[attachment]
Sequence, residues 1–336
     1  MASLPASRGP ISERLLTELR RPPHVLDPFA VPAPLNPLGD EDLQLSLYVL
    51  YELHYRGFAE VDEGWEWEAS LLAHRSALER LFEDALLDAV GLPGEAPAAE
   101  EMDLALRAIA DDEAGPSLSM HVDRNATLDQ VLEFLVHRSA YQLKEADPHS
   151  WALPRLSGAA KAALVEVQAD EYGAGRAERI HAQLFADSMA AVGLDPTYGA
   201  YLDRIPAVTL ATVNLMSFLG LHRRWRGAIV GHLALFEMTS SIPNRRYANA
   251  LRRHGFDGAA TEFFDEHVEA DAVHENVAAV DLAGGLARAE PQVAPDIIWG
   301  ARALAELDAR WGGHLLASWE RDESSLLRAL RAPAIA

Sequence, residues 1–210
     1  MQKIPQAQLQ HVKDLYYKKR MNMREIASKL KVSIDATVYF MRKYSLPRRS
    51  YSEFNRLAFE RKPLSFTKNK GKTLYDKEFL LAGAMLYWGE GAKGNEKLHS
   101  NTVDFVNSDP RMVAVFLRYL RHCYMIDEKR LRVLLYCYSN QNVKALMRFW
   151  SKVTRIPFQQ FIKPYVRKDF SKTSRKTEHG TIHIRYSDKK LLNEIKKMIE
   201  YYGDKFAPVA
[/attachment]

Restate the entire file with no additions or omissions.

Sequence, residues 1–336
     1  MASLPASRGP ISERLLTELR RPPHVLDPFA VPAPLNPLGD EDLQLSLYVL
    51  YELHYRGFAE VDEGWEWEAS LLAHRSALER LFEDALLDAV GLPGEAPAAE
   101  EMDLALRAIA DDEAGPSLSM HVDRNATLDQ VLEFLVHRSA YQLKEADPHS
   151  WALPRLSGAA KAALVEVQAD EYGAGRAERI HAQLFADSMA AVGLDPTYGA
   201  YLDRIPAVTL ATVNLMSFLG LHRRWRGAIV GHLALFEMTS SIPNRRYANA
   251  LRRHGFDGAA TEFFDEHVEA DAVHENVAAV DLAGGLARAE PQVAPDIIWG
   301  ARALAELDAR WGGHLLASWE RDESSLLRAL RAPAIA

Sequence, residues 1–210
     1  MQKIPQAQLQ HVKDLYYKKR MNMREIASKL KVSIDATVYF MRKYSLPRRS
    51  YSEFNRLAFE RKPLSFTKNK GKTLYDKEFL LAGAMLYWGE GAKGNEKLHS
   101  NTVDFVNSDP RMVAVFLRYL RHCYMIDEKR LRVLLYCYSN QNVKALMRFW
   151  SKVTRIPFQQ FIKPYVRKDF SKTSRKTEHG TIHIRYSDKK LLNEIKKMIE
   201  YYGDKFAPVA